If this vision of LIDT’s future appeals to you, the most important thing you can do is become the kind of professional that embodies the character and dispositions of practical judgment. We need a groundswell of professionals who are not satisfied to only create products, processes, or other services, but are also willing to explore other ways of transforming learners and learning. We also need people who are explorers—who are curious about what other forms of practice are missing from our repertoire that will help us pursue our mission. What else should be part of an LIDT identity that we haven’t yet imagined? What do those dimensions contribute towards the transformation of learners and learning? And how can you become the kind of person who exemplifies these attributes?

Reflect upon these questions. Consider formalizing your reflection in a journal entry or personal statement of values:

  • Based on your own background, talents, beliefs, and values, what do you find missing in our field’s approach to learners and learning?
  • Based either on precedent (examples you learn from elsewhere), or brainstorming (your own creativity), what new ideas could we incorporate into LIDT that address your concerns?
  • What kind of character (practical judgment) could you exemplify to become the type of person who authentically pursues the transformation of learners and learning?
  • How can you begin to develop your practical judgment through your education or practical experiences?


In this chapter, I have argued that design is not the pinnacle of LIDT as a field of practice. This does not mean that LIDT professionals should never design. Rather, it means that design alone is too narrow to help us accomplish our mission of transforming learners and learning. Instead, we should be a field organized around the dispositions and character associated with practical judgment. It is understandable why LIDT professionals would want to define themselves as designers. Design is fashionable. It provides the esteem that our field so often seems to desire. But the label design does not need to be attached to every method of attempting to improve the human condition. Design is also not the only way to enact the dispositions and character of practical judgment, which is the real core on which our field should focus. We should be in conversation with every field that exhibits such virtues, and not only design. It is true that an expanded vision for LIDT’s purpose and practice will include some design activities. But if we only design, we will be limited in the types of influence we have. So, our practices should also include influences from other fields as well, remixed into a unique identity that reflects our primary focus on practical judgment and in service of our distinctive purpose. Thus, in conclusion, instead of asking how we design the future of LIDT, we should be asking instead: what future is possible for us that design does not provide?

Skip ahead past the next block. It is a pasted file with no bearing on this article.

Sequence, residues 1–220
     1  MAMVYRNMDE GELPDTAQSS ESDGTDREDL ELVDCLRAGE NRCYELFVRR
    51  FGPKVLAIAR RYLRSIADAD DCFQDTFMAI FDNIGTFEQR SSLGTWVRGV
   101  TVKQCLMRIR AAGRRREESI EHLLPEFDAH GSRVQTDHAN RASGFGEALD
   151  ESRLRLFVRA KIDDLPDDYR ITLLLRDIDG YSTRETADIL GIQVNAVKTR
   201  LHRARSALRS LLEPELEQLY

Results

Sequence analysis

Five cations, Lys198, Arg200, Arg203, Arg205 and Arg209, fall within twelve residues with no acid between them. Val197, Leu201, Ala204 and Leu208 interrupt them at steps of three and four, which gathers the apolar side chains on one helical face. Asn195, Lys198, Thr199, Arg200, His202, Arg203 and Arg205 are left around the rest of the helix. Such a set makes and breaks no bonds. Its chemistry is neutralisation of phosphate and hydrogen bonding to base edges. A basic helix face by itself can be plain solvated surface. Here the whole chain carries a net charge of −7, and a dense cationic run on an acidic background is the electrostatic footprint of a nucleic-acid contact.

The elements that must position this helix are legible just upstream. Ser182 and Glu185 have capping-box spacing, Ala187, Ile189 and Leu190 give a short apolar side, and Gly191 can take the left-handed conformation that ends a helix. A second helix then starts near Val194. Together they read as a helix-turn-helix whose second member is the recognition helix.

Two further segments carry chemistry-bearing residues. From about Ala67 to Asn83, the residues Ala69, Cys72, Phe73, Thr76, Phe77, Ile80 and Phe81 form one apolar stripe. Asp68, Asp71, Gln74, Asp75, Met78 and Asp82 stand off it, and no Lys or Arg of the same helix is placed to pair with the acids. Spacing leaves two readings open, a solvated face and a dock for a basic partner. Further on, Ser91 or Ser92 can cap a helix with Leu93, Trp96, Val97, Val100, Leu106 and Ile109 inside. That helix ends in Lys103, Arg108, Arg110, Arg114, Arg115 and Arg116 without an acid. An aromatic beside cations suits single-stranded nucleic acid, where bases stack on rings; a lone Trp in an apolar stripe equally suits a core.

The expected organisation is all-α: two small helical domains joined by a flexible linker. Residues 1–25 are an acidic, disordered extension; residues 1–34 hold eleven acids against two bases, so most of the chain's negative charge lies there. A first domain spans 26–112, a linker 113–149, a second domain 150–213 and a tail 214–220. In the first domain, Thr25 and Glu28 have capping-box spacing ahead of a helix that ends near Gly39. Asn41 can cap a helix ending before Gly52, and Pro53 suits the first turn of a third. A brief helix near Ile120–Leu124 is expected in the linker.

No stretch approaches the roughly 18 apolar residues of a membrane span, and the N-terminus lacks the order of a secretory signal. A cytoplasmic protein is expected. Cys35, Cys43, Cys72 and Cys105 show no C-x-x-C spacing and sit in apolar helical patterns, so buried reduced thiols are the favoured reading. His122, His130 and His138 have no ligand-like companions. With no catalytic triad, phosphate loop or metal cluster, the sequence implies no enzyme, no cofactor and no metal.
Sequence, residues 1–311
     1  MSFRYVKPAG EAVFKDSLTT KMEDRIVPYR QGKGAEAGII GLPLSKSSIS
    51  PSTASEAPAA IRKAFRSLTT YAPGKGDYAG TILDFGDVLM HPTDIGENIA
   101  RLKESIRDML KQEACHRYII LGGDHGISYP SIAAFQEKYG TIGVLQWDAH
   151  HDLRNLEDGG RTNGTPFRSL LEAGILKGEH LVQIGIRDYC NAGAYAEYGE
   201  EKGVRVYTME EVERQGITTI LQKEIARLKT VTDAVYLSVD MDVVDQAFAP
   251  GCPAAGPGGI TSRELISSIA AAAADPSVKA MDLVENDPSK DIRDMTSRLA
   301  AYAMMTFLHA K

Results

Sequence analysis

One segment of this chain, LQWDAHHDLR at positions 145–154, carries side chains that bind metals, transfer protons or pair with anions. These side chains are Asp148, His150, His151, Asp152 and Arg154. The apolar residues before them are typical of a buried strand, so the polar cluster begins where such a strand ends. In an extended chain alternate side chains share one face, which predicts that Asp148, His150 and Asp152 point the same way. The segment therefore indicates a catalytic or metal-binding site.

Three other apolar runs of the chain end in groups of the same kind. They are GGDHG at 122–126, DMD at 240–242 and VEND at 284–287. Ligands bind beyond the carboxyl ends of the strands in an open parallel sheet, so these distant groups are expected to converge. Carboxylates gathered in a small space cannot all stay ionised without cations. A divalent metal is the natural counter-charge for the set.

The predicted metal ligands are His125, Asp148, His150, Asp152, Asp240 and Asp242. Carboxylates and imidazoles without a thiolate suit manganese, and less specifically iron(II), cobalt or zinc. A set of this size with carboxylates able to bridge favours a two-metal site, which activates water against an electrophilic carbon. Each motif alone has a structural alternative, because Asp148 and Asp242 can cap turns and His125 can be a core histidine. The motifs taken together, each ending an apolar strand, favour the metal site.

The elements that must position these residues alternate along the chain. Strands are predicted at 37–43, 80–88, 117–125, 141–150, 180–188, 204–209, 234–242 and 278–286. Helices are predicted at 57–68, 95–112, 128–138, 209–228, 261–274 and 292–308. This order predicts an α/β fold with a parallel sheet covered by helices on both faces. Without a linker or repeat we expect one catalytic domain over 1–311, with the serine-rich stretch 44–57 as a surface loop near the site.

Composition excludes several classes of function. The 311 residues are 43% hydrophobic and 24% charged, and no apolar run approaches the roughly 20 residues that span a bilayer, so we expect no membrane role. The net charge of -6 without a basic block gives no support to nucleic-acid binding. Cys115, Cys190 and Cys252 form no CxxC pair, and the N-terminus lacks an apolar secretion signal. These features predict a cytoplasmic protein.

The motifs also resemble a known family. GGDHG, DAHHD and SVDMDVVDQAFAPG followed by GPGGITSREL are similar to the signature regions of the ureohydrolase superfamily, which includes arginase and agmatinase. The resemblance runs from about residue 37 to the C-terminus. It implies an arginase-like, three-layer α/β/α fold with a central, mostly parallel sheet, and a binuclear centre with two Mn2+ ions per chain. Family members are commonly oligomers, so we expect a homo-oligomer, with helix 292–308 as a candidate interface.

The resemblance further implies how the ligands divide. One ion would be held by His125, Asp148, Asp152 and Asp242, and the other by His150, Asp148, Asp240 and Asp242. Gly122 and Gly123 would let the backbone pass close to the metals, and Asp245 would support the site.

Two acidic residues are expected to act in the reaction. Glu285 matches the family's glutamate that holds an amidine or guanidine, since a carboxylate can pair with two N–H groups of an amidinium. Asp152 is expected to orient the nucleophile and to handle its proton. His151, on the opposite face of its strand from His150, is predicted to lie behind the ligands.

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Jason K. McDonald

Brigham Young University

Dr. Jason K. McDonald is a Professor of Instructional Psychology & Technology at Brigham Young University. He brings twenty-five years of experience in industry and academia, with a career spanning a wide-variety of roles connected to instructional design: face-to-face training; faculty development; corporate eLearning; story development for instructional films; and museum/exhibit design. He gained this experience as a university instructional designer; an executive for a large, international non-profit; a digital product director for a publishing company; and as an independent consultant.

Dr. McDonald's research focuses around advancing instructional design practice and education. In particular, he studies the field's tendency to flatten/redefine educational issues in terms of problems that can be solved through the design of technology products, and how alternative framings of the field's purpose and practices can resist these reductive tendencies.

At BYU, Dr. McDonald has taught courses in instructional design, using stories for learning purposes, project management, learning theory, and design theory. His work can be found at his website: